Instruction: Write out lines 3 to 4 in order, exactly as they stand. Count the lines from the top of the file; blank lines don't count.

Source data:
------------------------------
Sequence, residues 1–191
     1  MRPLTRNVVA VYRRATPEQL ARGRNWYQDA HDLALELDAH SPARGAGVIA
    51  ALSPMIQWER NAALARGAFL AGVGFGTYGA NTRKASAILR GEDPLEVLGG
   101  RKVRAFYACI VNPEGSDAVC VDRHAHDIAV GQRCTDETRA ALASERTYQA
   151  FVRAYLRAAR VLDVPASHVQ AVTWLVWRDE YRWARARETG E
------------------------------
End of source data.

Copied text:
    51  ALSPMIQWER NAALARGAFL AGVGFGTYGA NTRKASAILR GEDPLEVLGG
   101  RKVRAFYACI VNPEGSDAVC VDRHAHDIAV GQRCTDETRA ALASERTYQA